We had the good fortune of connecting with Gracie Canaan and we’ve shared our conversation below.
Hi Gracie, why did you pursue a creative career?
Honestly, I don’t think there was ever an option of pursuing anything else. I’m a complete right-brained human. Trying to do anything STEM related in school growing up was like bending my mind through a wormhole. It just didn’t click. So I automatically gravitated towards anything creative — drawing, theater, sculpture — anything that allowed me to explore that “inner world.” It wasn’t until I was in college and in my twenties that I realized I could actually make a living doing these things.
Alright, so let’s move onto what keeps you busy professionally?
My day-to-day is always a bit different — illustration commissions, staff writing jobs here and there, and virtual comedy shows. I’m a multi-hyphenate who took a turn in her career: from industrial designer to now, comedian and television writer. And I’m talking hard left turn, like swerving over a median in the middle of the road going 60 MPH left turn. It took me six years of relentless work to get here: working multiple jobs, figuring out a way to refinance my ridiculously high student loans, being out late doing shows and up early for my design job. It really comes down to never taking your eye off the prize (I call it “the North Star”) and for me, that is a way to earn money doing the thing I love and the thing I’m good at.
Huge note: when I say “it took me x and y to get *here*”, let me be clear: right now, on paper I am unemployed. I am cracking into my 401k on my last reserves. I made my relatives art for Christmas gifts. But do I feel like I’ve “made it,” as in, am I doing what I set out to do? Absolutely. I finally have the freedom to *not* have a conventional day job. That’s huge. I landed a great manager, I’m developing promising writing projects, stories that are authentically me, that make me feel amped to get out of bed. I’m building my clientele for stand-up comedy events, and I’m constantly recalibrating to figure out the best way to juggle all of these plates without losing my mind. If nothing else, it’s an authentic and exciting way to live.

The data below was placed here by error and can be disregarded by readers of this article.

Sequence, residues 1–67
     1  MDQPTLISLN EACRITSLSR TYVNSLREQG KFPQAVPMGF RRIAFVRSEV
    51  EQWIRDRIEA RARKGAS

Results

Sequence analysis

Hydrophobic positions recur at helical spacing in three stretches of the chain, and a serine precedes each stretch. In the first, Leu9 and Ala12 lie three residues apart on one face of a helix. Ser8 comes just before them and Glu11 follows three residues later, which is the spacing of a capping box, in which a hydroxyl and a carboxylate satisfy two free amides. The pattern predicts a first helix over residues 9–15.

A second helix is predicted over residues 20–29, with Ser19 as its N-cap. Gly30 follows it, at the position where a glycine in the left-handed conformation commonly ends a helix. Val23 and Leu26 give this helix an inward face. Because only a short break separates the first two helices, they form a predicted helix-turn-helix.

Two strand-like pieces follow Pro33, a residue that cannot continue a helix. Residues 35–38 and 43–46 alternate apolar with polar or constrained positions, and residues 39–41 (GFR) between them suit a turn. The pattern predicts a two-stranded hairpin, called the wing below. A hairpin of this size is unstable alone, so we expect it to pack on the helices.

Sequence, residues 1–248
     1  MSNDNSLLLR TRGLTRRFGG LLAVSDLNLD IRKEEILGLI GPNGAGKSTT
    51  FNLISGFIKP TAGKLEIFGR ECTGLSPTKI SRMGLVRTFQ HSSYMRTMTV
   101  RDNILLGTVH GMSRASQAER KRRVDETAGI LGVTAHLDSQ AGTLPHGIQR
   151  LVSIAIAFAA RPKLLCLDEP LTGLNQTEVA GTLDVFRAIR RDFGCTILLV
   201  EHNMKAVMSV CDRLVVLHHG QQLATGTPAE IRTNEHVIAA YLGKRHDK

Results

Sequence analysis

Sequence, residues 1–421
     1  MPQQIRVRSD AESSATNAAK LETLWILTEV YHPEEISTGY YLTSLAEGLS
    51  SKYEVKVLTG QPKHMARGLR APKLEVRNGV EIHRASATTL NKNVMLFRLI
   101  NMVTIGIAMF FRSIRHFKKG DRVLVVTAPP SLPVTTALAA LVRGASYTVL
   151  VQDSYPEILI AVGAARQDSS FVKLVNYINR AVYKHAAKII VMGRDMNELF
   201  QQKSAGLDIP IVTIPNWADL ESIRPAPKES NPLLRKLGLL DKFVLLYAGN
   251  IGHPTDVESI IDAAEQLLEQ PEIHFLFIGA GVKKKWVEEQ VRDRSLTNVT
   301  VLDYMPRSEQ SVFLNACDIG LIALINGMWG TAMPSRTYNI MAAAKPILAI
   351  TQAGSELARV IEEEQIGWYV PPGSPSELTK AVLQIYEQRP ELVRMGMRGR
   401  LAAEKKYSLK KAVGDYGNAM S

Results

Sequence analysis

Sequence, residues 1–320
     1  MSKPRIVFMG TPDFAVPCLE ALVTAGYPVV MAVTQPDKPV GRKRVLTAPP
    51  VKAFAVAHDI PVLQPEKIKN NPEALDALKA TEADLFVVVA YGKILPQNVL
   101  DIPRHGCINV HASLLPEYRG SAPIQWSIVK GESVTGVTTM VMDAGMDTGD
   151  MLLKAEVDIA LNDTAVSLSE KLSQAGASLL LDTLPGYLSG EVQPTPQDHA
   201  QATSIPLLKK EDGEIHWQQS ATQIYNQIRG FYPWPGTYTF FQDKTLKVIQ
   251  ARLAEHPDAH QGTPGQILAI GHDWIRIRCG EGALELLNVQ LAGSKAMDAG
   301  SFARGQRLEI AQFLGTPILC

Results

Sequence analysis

The Shoutout series is all about recognizing that our success and where we are in life is at least somewhat thanks to the efforts, support, mentorship, love and encouragement of others. So is there someone that you want to dedicate your shoutout to?
I’m sure there’s a character limit when listing my shoutouts, otherwise, I’d be here writing this all day. Because the truth is, I’d be nowhere without the people in my life. And I’m not just talking about my emotional “A-Team,” the people who know me the best and are with me through-and-through. I’m also talking about coworkers who have been supportive enough to come to my comedy shows, peers who have given me the time to read and give feedback on my scripts. Audience members who have DMed me with thanks after a show, strangers who have been kind to me for no reason, and therefore inspired me to be kinder. It’s corny, but every act of encouragement and kindness, no matter how small, has contributed to where I am today. Pursuing a creative passion that you love is rewarding but grueling — every bit of positivity helps.
As far as resources, I’d say the book that inspired me to blow up my life a year and a half ago (quitting my job in the middle of a pandemic to pursue writing and comedy, in a time where I couldn’t even do physical comedy shows — oops! ) was “Untamed” by Glennon Doyle. Like any self-help/inspirational memoir book, it has its corny moments, but her argument to trust your gut, to follow that feeling of “Knowing” (with a capital “K”) struck a deep chord with me. We hear this over and over again, and we nod politely while continuing to live our humdrum because we’re still scared of the unknown. But something about her language hit home. It’s such an important message, especially for women.
JT Anderson Arin Sang-Urai